Domestic markets across Africa recorded a slight reduction in passenger demand although still outperforming intra-Africa and intercontinental traffic. Domestic traffic for the month under review was 58.9% compared to 22.7% for intra-Africa and 18.4% for intercontinental. On passenger capacity (seats offered), domestic, intra-Africa and intercontinental accounted for 46.5%, 26.8% and 26.7% respectively.
Globally, the COVID 19 cases continue to rise despite the fact that 24.6% of the world’s population has been vaccinated. In Africa, just about 1.85% of the population has been fully vaccinated according to data available on the Africa CDC website. The Delta variant which is the source of recent infections is not sparing younger people either. The result is an increase in the number of younger people and children infected by the COV2 virus. In Africa, the number of deaths continues to rise while vaccination is progressing at a snail pace, thus causing concerns among the travel, tourism and hospitality sectors on recovery. Worldwide, the numbers of infected cases reached 200 million of which 7 million are in Africa. The global recovery rate stands at 97.7% compared to 97.3% in Africa.
Re-start of operations on intercontinental routes by African airlines reached 77.8% in August 2021, though frequency and capacity remained constrained. This represents a month-on-month increase in intercontinental operations of 3.1%. Airlines which added new intercontinental routes to their operations in August include: Ethiopian Airlines, Royal Air Maroc and Kenya Airways. It is worth noting that, EgyptAir, Ethiopian Airlines, Royal air Maroc and RwandAir now operate to about 90% of their pre-COVID intercontinental destinations.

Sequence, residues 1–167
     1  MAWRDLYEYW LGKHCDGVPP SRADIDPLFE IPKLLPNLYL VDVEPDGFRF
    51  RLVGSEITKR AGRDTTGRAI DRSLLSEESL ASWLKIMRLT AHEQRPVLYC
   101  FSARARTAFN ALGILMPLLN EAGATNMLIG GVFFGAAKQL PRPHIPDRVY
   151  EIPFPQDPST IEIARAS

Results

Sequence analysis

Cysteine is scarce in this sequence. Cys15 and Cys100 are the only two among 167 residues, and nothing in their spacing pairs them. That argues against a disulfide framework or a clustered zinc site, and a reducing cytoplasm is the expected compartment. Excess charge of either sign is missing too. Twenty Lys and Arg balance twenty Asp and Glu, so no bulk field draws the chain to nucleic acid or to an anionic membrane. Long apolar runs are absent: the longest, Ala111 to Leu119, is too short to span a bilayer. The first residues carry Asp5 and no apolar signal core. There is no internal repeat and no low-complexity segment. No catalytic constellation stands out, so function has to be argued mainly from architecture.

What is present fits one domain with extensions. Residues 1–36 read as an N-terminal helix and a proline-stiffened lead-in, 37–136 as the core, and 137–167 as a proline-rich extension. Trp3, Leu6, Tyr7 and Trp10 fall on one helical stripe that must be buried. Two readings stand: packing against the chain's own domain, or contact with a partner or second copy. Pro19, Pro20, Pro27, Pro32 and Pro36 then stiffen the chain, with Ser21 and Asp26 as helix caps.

As previously reported, Mauritius remains the most impacted intra-Africa air travel destination in spite of the resumption of international flights in July. Abidjan and Dakar airports slightly exceeded their pre-COVID level of flights connectivity with other cities. Passenger arrivals and departures however remain depressed for both airports.
General passenger traffic continues to be low across Africa due to the ravaging impact of COVID-19, inconsistencies in the messaging regarding border closures and failure to align health protocols in some countries and across regions.
Full year revenue loss for African airlines in 2021 according to AFRAA is forecast at US$8.2b, approximately 47.2% of the full year 2019 airlines’ revenue. In 2020, African airlines made a cumulative loss of $10.21b, representing 58.8% of 2019 revenues. The poor revenue performance coupled with slow response to calls for support to African aviation and tourism sectors by governments and DFIs is a major threat to the survival of the African aviation industry. Governments should heed the calls by the African Union, AFCAC, AFRAA and other organizations to provide financial relief and support to the industry players most impacted by Covid-19 to avoid the collapse of the aviation industry.
Other related industry developments:
- Victoria Falls and Kazungula (linking Zimbabwe, Zambia, Botswana and to a lesser extent Namibia) border posts were opened for fully vaccinated tourists in a move aimed at reviving the tourism sector.
- The United Arab Emirates National Emergency and Crisis Management Authority (NCEMA) announced lifting of the transit flight ban imposed by UAE in some countries including India, Nepal, Nigeria, Pakistan, Sri Lanka, and Uganda, effective 05 August 2021.
- On 28 July, the UK Government announced latest policy review of its “traffic light” system stating that effective 02 August 2021, arrivals to the UK with a DCC (EU digital COVID certificate) or a US Vaccine Certificate (paper) can enter the United Kingdom without quarantine.
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